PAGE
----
The Bali Recycling company, in short, is a resource recovery business. They treat all waste as a resource. Resource recovery is ‘collecting, sorting, and processing materials that are viewed as waste and transforming them into the raw inputs used to create new products. Recycling and composting are the most common ways to recover resources, but we also generate biogas from putrid organic waste, divert food waste for animal fodder, prepare biomass into fuel wood, organise glass bottle reuse programs, even converting some wastes into ‘upcycled’ handicraft products and more.’
Their future is not in the recycling business you see. Staying true to treating all waste as a resource, they aim to think of themselves as less a waste company, in so much as an above ground mining company. I love that!
I see a lot of examples of companies, abroad and on home soil starting-up because they’ve found an opportunity in waste. Take for example, Indosole, a company that started because they noticed a waste and pollution problem faced by the people of Indonesia. From this, they created their unique solution to the problem. They re-purpose products such as flip-flops & flats (cute ones too ladies) in a toxic free way. Best of all they are made with real quality and are both fashionable and functional.
Indosole, an American based company, keeps it real by staying commitment to the local Balinese crafts people. They learned and continuously learn from the wise and resourceful artisans who taught them in the first place that waste is after all a resource with a purpose. Indosole aims to save 1 million waste tires from Indonesian landfills. It seems they are well on their way as indicated by their quick ticking tire tracker seen on their website.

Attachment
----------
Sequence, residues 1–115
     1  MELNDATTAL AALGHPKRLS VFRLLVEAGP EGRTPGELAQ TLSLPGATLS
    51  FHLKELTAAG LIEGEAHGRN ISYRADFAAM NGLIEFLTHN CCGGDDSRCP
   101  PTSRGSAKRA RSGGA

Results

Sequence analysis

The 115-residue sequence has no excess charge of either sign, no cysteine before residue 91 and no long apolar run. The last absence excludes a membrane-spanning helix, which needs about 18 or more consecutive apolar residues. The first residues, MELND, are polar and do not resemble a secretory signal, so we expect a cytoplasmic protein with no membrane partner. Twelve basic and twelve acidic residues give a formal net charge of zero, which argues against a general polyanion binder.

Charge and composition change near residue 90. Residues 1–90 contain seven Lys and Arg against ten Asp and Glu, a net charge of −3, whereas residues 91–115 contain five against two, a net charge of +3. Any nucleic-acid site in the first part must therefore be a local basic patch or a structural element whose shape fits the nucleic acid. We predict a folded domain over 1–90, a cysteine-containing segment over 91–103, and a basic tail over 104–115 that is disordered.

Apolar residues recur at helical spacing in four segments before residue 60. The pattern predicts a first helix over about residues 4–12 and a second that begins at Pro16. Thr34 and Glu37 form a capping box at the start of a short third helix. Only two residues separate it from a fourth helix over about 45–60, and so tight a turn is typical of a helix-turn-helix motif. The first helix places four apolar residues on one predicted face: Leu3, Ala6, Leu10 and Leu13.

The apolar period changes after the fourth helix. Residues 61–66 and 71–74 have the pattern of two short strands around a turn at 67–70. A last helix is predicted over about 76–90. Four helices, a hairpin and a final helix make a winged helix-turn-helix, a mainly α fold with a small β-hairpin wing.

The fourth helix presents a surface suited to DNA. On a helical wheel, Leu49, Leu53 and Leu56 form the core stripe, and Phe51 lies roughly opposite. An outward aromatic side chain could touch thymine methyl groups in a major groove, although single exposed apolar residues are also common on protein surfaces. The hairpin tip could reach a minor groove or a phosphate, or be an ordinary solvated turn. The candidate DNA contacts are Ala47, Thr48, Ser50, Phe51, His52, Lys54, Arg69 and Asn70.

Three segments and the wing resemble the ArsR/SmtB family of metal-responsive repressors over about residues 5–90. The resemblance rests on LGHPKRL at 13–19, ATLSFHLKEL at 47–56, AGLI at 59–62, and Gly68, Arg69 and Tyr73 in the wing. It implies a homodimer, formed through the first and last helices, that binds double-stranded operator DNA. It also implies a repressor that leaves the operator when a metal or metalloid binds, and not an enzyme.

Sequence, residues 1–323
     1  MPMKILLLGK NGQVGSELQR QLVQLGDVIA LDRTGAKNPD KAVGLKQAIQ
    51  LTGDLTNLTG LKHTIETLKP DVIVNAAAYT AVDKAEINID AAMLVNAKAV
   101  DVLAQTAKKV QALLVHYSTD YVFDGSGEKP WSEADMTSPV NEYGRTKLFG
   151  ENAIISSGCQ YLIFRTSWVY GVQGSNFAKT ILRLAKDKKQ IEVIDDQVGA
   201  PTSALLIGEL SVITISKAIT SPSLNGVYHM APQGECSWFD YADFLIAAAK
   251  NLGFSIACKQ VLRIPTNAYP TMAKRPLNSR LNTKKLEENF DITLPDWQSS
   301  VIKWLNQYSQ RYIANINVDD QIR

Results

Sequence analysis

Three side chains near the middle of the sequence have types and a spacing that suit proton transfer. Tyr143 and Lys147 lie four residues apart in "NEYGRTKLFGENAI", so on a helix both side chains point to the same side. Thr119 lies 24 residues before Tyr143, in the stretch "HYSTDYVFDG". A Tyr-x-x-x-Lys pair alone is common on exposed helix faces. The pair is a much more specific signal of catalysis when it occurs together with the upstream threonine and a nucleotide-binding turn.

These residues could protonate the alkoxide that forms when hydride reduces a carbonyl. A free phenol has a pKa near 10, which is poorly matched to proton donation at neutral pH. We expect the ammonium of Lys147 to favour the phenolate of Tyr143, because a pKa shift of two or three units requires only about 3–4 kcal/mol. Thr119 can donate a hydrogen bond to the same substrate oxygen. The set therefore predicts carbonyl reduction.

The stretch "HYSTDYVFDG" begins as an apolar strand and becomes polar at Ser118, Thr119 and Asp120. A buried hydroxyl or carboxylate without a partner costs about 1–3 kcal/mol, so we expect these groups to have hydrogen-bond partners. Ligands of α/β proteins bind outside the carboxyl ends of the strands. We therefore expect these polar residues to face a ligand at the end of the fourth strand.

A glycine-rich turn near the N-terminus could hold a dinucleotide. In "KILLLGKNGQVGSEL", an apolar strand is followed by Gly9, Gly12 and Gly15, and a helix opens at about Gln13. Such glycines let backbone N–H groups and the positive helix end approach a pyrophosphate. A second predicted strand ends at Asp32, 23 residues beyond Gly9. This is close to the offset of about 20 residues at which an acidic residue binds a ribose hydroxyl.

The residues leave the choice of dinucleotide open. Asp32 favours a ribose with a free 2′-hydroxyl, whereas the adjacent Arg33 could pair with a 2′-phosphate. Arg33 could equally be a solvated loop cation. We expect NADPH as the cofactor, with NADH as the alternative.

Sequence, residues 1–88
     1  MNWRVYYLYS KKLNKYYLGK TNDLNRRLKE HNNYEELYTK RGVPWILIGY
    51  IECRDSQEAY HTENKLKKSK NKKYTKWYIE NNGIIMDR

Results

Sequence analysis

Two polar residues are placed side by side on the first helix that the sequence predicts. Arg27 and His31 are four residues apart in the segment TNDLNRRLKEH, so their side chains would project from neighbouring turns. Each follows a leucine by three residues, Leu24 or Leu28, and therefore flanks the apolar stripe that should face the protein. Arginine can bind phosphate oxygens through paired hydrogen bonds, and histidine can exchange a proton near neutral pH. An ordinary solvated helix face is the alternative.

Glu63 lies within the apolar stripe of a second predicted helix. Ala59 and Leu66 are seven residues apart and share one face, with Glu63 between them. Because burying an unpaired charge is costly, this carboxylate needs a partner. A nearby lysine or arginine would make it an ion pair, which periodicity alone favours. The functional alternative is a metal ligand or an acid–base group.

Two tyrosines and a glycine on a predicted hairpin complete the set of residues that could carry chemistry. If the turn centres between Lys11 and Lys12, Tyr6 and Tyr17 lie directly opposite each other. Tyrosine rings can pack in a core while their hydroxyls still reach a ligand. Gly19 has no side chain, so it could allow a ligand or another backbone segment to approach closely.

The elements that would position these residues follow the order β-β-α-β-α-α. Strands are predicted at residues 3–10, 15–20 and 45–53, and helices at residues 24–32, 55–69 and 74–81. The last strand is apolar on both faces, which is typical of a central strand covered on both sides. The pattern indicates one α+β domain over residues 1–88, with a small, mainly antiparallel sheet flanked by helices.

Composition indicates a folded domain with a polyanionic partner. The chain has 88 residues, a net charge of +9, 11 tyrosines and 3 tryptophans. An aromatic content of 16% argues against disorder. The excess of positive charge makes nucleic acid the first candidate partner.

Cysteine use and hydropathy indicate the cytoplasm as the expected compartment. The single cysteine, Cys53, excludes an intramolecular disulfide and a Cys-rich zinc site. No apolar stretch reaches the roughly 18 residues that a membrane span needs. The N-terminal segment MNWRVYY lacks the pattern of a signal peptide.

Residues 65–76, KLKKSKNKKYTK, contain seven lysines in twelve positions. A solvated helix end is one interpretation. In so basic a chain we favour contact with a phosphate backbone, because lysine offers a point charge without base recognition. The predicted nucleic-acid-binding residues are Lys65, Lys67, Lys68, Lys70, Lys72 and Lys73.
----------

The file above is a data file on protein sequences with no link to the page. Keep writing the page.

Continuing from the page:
Ubud is a bit of a shoppers paradise with a mix of the typical tat one would expect to find, as well as antiques, individual artisan and fair trade shops. It is all incredibly tempting and I had to walk away many times. One shop in particular we sweat like pigs to venture to was Threads of Life.
This shop/museum of sorts supports indigenous artistry and women through culture and conservation. They work directly with over 1,000 women on 11 islands working with them to form cooperatives, increasing their financial independence and security, whilst maintaining or recovering their ancestral craft.
They reinforce the need for Indonesians to remain true to their natural practices when producing textiles, jewellery, baskets and more. I would love to see similar activities back home, where we seem worlds away from our ancestral crafts. In some cases we are even worlds away from financial independence and sustainability.
Fortunately, this blog post could go on with many examples of fair, respectable businesses found here in Bali. And there are many many examples back home of businesses re-purposing business practices if you will. Ubud is the first place on our travels I’ve felt the reality of this and it’s been inspiring.
We cannot yet answer those questions we’ve been asking ourselves. I’m not sure we ever will or should. Questioning ourselves should be habitual practice whilst occasionally finding inspiration towards making the world a better place, which as it turns out, is our ultimate goal.